GUEST POST: In Ohio’s Straight A Fund Competition, Digital Learning Moves to the Head of the Class

By Michael Harlow

Note: State activity around digital learning continues to move at a rapid pace. One of the more exciting ideas is Ohio’s Straight A Innovation Fund. We’ve asked a voice on the ground in Ohio to dig into the applications and unpack what this might mean for Digital Learning in Ohio. Michael Harlow specializes in legislative and community relations to advance innovation in education.  Based in Cincinnati, he tweets prolifically and publishes a daily Harlow Report keeping up with many of the latest trends in education. He’s also one of the newest elected members of the School Board for the Northwest Local School District. If you would like to submit a guest blog, please email [email protected].

Strengthening education through innovation is a priority for Ohio. When it passed its biennial operating budget, it placed a priority on funding educational entities with the drive and the courage to try new approaches meeting the needs of students, reducing costs and keeping dollars in the classroom.

At the heart of this commitment was the Straight A Innovation Fund, established to award grants totaling $250,000,000 (previous news on the Ohio budget, including the Straight A Fund, can be found here).  Grants will be awarded on a competitive basis.  October 26 was the deadline for submission.

“Competitive” turned out to be the key word.

After over 1000 letters of interest were submitted, 570 completed proposals were submitted by the deadline.   The applications sought over $867 million in funding, while just $100 million is available this year, with an additional $150 million available next year.   State officials pointed to the large number of applications and dollar requests as an indication that Ohio education leaders have an intense interest in exploring innovation.

Far and away, digital learning was the most numerous feature in the grant applications.  About half of the grant requests, and over 60% of the funds requested, are geared towards implementing or expanding technology in the classroom.  From a $20,000 request to purchase iPads for an elementary school to a nearly $15 million grant consortium spanning 27 school districts across Appalachian Ohio, the Buckeye State’s leaders are clearly excited and hopeful about the potential that digital learning has to improve education and reduce costs.  A complete listing can be found here.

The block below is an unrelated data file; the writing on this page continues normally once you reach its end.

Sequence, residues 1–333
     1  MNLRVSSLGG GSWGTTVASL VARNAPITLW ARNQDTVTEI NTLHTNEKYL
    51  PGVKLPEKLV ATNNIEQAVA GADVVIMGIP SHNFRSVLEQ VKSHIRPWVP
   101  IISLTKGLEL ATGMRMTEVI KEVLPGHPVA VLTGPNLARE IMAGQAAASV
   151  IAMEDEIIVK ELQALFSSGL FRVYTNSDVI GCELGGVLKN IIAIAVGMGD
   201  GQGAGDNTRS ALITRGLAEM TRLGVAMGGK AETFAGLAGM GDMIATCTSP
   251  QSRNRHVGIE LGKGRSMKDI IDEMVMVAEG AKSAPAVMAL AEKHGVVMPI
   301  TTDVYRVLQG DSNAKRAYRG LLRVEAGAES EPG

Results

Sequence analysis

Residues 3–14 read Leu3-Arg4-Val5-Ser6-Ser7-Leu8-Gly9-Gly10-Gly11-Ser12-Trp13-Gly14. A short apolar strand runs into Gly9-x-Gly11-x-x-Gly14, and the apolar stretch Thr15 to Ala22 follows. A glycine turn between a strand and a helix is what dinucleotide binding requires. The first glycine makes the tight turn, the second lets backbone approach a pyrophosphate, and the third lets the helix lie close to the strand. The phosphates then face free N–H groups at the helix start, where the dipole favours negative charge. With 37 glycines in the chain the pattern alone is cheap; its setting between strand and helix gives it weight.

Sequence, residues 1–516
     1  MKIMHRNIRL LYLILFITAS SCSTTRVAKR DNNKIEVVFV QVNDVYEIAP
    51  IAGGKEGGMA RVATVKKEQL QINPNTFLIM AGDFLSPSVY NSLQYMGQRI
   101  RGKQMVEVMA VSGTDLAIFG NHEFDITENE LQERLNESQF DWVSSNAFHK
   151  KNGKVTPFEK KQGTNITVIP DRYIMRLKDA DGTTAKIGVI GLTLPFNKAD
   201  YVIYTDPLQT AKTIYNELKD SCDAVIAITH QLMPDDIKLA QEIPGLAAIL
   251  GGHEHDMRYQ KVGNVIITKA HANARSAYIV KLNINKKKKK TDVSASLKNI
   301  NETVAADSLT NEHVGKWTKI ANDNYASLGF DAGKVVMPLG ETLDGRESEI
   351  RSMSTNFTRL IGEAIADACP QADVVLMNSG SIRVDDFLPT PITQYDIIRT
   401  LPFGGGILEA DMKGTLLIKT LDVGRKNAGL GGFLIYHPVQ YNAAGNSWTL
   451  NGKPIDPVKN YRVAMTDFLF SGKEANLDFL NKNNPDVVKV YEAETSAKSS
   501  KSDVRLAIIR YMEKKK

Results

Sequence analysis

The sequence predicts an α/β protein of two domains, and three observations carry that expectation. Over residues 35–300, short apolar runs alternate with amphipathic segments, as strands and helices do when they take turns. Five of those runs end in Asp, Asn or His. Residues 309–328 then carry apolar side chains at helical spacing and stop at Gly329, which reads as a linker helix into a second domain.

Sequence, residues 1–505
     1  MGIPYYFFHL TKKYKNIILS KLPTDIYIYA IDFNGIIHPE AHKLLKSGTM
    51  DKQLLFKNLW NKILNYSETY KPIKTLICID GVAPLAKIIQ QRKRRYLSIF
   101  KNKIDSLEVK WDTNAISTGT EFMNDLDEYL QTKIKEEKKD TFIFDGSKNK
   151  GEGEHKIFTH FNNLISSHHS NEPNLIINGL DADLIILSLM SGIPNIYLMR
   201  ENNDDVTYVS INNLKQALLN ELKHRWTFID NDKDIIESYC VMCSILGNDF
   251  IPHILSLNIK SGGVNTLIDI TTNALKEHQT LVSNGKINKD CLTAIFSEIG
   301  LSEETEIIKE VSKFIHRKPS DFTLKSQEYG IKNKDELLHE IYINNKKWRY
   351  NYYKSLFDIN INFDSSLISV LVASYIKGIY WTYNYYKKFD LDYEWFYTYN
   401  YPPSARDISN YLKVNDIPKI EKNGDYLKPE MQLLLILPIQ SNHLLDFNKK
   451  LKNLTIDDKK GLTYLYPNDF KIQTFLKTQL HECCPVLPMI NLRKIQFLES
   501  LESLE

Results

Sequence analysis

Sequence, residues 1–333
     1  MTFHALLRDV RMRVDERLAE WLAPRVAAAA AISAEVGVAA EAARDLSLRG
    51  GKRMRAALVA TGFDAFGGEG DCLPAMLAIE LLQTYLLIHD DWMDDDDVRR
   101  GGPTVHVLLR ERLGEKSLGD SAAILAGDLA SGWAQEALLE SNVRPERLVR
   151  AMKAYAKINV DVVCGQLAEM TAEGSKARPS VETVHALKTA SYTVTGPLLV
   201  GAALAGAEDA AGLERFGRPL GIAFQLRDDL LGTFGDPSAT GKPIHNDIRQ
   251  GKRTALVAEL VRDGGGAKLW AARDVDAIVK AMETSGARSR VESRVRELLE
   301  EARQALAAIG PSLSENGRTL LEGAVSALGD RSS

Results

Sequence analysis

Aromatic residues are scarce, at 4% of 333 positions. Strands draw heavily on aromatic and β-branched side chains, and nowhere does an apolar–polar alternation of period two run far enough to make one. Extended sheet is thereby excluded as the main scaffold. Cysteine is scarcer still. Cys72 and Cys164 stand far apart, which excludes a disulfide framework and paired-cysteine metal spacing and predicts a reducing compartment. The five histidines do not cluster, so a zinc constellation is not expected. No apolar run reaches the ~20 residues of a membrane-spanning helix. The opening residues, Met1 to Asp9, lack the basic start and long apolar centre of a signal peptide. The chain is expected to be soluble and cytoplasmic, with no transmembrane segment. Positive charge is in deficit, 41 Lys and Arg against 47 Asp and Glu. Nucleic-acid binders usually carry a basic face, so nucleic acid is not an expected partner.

Applications focused on digital learning include partnerships for content delivery with The Ohio State University. A central component of many applications is 1:1 computing with many seeking to deliver college-level instruction to students in underserved parts of Ohio.  A district near central Ohio seeks funding for helping faculty create their own iTextbooks. Several are exploring competency-based learning models. One application establishes an Ohio Blended Learning Consortium with both public schools and community schools coming together to deliver blended learning to middle school students across the state. (Full disclosure: I have provided consulting services on the latter.)

If innovation is going to be truly funded, sifting through these 570 applications, choosing the right applicants and then implementing this correctly will be critical.

Suffice to say, it will be an intense competition.  The seven largest grant applications alone would consume the entire budget.  However, focusing on large-scale grants or on the ones that sound the most futuristic will miss the goals of the fund, which are: to meet the learning needs of its students, reduce the cost of running a school or school district, drive more dollars to the classroom, or some combination thereof.  Grant scorers will first scrutinize the fiscal sustainability of the projects after the grant period.  After that, implementation and feasibility will be important goals for the scorers.

While digital learning was the focus of many of the applicants, other grants sought funding for items such as energy efficient construction upgrades, converting bus fleets to run on natural gas, and changing the culture of the school with programs to combat bullying. Several seek funding for a technological backbone for using data to improve instructional delivery and decision-making.  (These were not included above because it is of limited visible effect in the classroom.)

After earning a D grade on the 2012 Digital Learning Report Card, Ohio is stepping its digital game up.  As the groundwork was laid with the creation of the Ohio Digital Learning Task Force  and following up with  promoting Digital Learning Day activities,  the pieces are coming together and it’s clear Ohio has a bright future in digital education.

Fasten your seat belts, Ohio.  Things are about to get intense.